In December of 2017, I stumbled into the sale section of the Banana Republic at my local mall during a bout of holiday shopping. I thumbed through the rack without much enthusiasm until I found myself holding something unlike anything I’d ever seen before: a fire-engine red, ankle-length wool coat finished with sparkly gold piping and coordinating golden buttons. You know that feeling when you hit it off with someone you’ve just met? This coat made my brain spark with a sense of possibility and excitement that is typically reserved for a new relationship; I just knew that we were meant to be. As part of the Olivia Palermo x Banana Republic collaboration, this coat captures the collection’s theme of polished utilitarianism. A design masterpiece, it blends trendy fashion ideals with classical function and structure to become a wardrobe staple for the ages. Aptly described by my mother—through an impromptu rendition of the album’s title track—it’s reminiscent of the coat worn by George Harrison on the cover of the Beatles’ 1967 Sergeant Pepper’s Lonely Hearts Club. In the transition from high school to university, my approach to fashion evolved from trying to convey a misplaced sense of belonging in society to expressing whatever topic or part of my identity is deemed most pressing in the ten minutes I have to get dressed before my 8:30s. Sometimes my clothing tells a story about the industry’s potential for sustainability. Sometimes my clothing says that I am the fashion editor for a magazine. Sometimes my clothing says that I had a late night last night, have an assignment due today, have not yet had a coffee and also that it’s cold outside. Whatever the weather, my Blundstones always mean business. While I do take a light-hearted approach to my personal style, I have always held fashion itself as a means of communication that allows for the dilution of key aspects of larger socio-political conversations through an unobtrusive visual medium. Clothing is capable of telling stories that would otherwise get lost over time. I am a regular customer in my grandmother’s closet, a treasure-trove where I am lovingly gifted wearable relics of my grandmother’s life as a young woman. From sweaters to skirts to scarves to handbags, my grandmother passes the fashion of her youth along to me in tandem with stories about her life. Over the years, I have received a scarf carried from her hometown in southern Italy when she immigrated to Canada as a newly married eighteen-year-old, a sweater worn while she prepared to become a mother for the first time, and a hand-knitted tote bag from the height of the seventies, amongst other items. When I repurpose these articles within the context of my student life, I am carrying these stories with me. Those who ask about the black and white zig zag tote bag being used to carry my groceries home from the store will be treated to a nostalgic anecdote about my grandmother, and be sent on a personal journey down the rabbit hole of their own family’s history. I love when people ask about my clothing and I can use that garment as an introduction to a greater dialogue about the world. So, I bought the coat—and it profoundly changed the way that I interact with the world. My father has started calling me Captain Jack Sparrow, my best friend constantly makes references to the Redcoats of the British Army, and I’ve been the subject of numerous comparisons to Michael Jackson, who wore an iconic military-inspired sequined jacket to the 1984 American Music Awards. Most recently, a fourth grader told me that she liked my coat because it “looks like the Nutcracker.” I’ve noticed that each response is particular to the person’s unique perspective and background because the coat acts as an unbiased landmark to their own personal histories. Clothing has meaning. Clothing is emotional. Clothing tells a story. I was infatuated with this coat the second that I laid my eyes upon it, but I developed an even deeper love for the garment through the experiences I’ve had while wearing it. In the past year, it has been the instigator of numerous conversations with friends and strangers alike, and I’ve learned that the greatest wing-woman I could ever have is my clothing because it speaks volumes before I’ve even said a word.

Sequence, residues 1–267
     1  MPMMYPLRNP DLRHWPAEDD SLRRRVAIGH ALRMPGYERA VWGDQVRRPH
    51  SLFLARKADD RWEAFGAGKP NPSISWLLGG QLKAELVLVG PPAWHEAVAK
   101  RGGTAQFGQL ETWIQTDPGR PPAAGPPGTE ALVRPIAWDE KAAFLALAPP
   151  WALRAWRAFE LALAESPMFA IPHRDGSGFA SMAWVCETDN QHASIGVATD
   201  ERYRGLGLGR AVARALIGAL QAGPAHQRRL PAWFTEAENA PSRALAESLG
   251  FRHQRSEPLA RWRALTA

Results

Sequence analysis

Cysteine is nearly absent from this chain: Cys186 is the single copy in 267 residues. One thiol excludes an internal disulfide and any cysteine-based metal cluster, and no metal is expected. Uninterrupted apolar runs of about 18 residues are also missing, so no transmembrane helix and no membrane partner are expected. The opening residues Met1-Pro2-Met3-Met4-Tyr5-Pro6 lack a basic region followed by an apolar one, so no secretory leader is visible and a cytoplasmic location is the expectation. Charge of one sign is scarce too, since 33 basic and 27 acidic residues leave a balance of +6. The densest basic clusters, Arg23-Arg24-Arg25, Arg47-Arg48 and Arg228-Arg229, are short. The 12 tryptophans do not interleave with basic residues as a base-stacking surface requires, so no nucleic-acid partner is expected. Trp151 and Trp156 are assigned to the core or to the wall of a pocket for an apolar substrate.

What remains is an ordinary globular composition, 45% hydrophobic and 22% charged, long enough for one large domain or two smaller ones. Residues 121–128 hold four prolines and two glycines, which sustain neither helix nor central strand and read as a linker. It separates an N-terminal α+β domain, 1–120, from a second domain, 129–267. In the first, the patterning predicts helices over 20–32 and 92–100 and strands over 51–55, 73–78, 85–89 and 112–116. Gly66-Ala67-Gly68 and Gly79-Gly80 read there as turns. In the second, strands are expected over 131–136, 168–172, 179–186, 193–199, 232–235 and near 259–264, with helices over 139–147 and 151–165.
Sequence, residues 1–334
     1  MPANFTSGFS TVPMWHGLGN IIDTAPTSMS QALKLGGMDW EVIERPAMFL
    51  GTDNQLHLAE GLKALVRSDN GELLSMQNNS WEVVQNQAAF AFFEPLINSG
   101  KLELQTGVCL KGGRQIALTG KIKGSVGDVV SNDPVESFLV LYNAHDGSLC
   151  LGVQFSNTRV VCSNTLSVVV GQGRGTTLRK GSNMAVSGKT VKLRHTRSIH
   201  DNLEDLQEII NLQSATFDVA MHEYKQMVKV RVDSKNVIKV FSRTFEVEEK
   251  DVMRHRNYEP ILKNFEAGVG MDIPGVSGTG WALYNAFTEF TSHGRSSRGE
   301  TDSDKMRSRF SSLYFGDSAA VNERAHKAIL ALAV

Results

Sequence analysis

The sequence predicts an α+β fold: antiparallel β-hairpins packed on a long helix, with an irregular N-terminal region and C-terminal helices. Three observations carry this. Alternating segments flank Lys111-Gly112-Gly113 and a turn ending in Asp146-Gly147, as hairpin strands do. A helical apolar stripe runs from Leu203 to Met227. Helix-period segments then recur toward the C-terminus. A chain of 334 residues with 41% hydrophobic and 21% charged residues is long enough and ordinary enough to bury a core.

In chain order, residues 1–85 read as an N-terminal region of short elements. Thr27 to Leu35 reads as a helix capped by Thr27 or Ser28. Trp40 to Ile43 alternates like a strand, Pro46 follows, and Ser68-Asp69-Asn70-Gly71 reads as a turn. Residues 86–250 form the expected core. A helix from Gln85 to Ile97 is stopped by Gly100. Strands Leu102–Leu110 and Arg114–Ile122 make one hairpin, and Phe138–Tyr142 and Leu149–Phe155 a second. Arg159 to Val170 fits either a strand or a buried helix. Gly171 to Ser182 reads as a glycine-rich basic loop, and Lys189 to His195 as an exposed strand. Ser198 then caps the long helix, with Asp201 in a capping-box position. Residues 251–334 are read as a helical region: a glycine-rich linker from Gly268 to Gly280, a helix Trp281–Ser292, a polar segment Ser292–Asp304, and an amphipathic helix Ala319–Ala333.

Claudia Rupnik is the Fashion Editor for the print edition of MUSE.

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